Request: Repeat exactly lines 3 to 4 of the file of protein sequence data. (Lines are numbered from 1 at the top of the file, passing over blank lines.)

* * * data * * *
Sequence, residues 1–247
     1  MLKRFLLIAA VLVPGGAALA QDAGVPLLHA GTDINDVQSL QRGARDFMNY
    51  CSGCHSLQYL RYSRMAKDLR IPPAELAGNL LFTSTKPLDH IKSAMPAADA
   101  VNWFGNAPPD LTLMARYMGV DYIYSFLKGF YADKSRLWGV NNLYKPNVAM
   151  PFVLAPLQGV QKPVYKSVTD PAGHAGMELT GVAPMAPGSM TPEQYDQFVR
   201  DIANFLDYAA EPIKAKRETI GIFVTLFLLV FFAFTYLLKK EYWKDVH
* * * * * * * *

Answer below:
    51  CSGCHSLQYL RYSRMAKDLR IPPAELAGNL LFTSTKPLDH IKSAMPAADA
   101  VNWFGNAPPD LTLMARYMGV DYIYSFLKGF YADKSRLWGV NNLYKPNVAM